He looks like something from a prehistoric age or a fantastic creation from Hollywood. But Hercules is very much living flesh and blood – as he proves every time he opens his gigantic mouth to roar. Part lion, part tiger, he is not just a big cat but a huge one,standing 10ft tall on his back legs. Called a liger, in reference to his crossbreed parentage, he is the largest of all the cat species.
He is the accidental result of two enormous big cats living close together at the Institute of Greatly Endangered and Rare Species, in Miami, Florida, and already dwarfs both his parents.
“Ligers are not something we planned on having,” said institute owner Dr Bhagavan Antle. “We have lions and tigers living together in large enclosures and at first we had no idea how well one of the lion boys was getting along with a tiger girl, then lo and behold we had a liger.”
50mph runner… Not only that, but he likes to swim, a feat unheard of among water-fearing lions. In the wild it is virtually impossible for lions and tigers to mate. Not only are they enemies likely to kill one another, but most lions are in Africa and most tigers in Asia. But incredible though he is, Hercules is not unique. Ligers have been bred in captivity, deliberately and accidentally, since shortly before World War II.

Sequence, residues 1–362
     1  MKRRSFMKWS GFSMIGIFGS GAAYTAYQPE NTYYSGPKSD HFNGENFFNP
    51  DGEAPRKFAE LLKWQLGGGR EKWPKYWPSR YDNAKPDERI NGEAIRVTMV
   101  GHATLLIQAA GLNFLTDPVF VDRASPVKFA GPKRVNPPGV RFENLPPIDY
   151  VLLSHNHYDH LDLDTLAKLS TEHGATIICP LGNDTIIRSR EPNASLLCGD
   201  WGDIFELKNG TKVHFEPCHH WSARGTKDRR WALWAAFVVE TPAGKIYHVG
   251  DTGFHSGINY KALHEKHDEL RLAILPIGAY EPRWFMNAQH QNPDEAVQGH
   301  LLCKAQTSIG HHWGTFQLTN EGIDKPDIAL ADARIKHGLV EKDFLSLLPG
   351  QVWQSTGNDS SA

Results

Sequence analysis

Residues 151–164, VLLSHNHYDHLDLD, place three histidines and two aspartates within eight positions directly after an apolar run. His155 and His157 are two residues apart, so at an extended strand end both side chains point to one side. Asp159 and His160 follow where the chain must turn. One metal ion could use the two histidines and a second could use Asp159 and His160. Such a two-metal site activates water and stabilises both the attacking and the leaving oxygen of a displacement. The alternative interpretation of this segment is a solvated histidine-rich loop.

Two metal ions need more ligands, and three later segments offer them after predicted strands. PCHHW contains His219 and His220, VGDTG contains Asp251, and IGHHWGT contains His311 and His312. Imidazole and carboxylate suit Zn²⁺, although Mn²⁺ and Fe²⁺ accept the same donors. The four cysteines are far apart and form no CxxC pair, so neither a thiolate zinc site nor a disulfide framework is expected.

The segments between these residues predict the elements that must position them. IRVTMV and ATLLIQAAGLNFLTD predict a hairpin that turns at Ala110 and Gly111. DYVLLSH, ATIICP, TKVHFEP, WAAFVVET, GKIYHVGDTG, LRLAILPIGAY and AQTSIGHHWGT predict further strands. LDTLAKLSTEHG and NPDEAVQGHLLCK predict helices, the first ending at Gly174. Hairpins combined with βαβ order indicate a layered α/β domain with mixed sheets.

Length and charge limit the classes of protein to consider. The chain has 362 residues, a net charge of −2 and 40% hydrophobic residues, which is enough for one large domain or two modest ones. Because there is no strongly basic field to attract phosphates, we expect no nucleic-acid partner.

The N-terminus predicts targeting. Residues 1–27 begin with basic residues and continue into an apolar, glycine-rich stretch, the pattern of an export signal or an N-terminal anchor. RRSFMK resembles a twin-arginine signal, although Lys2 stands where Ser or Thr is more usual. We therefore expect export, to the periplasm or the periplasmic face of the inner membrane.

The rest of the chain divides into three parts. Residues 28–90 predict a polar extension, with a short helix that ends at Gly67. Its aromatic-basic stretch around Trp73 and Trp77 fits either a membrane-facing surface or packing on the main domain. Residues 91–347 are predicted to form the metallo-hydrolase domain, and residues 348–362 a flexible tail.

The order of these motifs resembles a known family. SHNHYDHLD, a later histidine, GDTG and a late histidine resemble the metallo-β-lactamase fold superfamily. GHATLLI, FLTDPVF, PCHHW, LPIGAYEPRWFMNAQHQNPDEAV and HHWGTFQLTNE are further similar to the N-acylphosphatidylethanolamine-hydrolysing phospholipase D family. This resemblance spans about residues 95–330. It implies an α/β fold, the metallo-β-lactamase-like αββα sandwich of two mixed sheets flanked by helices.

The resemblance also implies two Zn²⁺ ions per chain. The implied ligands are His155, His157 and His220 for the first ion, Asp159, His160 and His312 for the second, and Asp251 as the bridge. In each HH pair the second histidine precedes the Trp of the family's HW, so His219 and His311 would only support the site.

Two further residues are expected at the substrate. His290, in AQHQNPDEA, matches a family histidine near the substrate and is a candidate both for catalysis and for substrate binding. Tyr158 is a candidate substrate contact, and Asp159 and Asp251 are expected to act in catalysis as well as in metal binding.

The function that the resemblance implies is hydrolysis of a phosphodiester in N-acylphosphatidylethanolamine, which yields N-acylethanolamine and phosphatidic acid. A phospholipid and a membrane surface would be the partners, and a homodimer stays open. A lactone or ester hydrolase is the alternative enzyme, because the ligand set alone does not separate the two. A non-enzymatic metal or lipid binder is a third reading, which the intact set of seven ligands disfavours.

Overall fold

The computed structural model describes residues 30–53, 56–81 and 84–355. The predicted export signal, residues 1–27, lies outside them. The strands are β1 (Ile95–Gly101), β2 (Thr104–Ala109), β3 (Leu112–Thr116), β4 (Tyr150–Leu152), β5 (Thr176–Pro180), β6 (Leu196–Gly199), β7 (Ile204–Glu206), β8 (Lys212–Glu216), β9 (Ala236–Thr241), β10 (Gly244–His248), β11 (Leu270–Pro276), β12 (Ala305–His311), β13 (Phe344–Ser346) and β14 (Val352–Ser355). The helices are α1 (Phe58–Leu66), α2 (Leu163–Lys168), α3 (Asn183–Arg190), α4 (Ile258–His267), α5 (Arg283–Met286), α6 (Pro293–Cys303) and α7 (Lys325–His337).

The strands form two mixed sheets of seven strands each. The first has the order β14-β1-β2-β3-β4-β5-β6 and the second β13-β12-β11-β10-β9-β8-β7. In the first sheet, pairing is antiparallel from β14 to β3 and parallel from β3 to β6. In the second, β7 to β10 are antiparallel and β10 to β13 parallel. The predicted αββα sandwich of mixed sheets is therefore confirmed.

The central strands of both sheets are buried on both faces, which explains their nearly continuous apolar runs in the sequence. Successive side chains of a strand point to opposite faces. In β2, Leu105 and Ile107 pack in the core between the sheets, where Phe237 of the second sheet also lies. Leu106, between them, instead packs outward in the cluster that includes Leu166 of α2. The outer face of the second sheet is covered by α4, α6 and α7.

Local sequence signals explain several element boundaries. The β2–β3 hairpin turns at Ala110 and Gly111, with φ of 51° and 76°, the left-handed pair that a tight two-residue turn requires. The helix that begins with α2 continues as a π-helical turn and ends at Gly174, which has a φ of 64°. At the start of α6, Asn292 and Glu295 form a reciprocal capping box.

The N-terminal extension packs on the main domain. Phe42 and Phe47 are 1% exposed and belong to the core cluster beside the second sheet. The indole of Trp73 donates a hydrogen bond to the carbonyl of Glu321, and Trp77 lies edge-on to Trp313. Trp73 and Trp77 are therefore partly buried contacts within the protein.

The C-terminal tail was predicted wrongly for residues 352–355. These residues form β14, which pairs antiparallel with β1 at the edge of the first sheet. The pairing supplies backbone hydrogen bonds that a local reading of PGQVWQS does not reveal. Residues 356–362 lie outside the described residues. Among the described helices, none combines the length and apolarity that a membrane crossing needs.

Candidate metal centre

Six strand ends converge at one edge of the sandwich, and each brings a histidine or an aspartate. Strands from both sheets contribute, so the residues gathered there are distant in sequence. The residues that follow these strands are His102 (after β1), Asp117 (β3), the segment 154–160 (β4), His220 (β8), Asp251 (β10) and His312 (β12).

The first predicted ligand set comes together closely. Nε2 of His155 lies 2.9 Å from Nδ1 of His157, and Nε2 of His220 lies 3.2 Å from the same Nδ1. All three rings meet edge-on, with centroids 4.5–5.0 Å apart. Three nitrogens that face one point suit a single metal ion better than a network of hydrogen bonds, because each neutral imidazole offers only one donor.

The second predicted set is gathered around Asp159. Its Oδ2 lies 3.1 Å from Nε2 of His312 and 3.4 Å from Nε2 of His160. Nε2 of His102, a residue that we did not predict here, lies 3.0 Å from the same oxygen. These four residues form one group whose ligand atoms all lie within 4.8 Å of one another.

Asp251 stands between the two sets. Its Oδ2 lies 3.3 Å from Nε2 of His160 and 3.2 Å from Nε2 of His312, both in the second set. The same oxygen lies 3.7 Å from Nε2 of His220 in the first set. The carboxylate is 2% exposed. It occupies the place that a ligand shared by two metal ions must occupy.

Today there are believed to be a handful of ligers around the world and a similar number of tigons, the product of a tiger father and lion mother. Tigons are smaller than ligers and take on more physical characteristics of the tiger.
Origins: The word liger, documented as entering the English language in 1938, describes a real feline, the offspring of a male lion and a female tiger. (The opposite case, the offspring of a male tiger and a female lion, is known as a tigon.)
Both ligers and tigons exist in captivity, and the pictures and description reproduced above do correspond to one such example of the former, a liger named Hercules who lives at the Institute of Greatly Endangered and Rare Species (T.I.G.E.R.S.) in Myrtle Beach, a wildlife education organization run by director Dr. Mahamayavi Bhagavan Antle.
As noted above (in text that seems to have been taken directly from a February 2005Daily Mailarticle), Hercules was the result of an accident rather than deliberate breeding. He is three years old, stands 10 feet tall on his hind legs, and weighs about 1,000 lbs. (At maturity he is expected to reach 12 feet in length and weight about 1,250 lbs.) He eats about 20 lbs. of meat (beef or chicken) per day, and he can consume up to 100 lbs of food in one sitting.
Last updated: 30 May 2005
Daily Mail. “The 10ft Liger Who’s Still Growing . . .”
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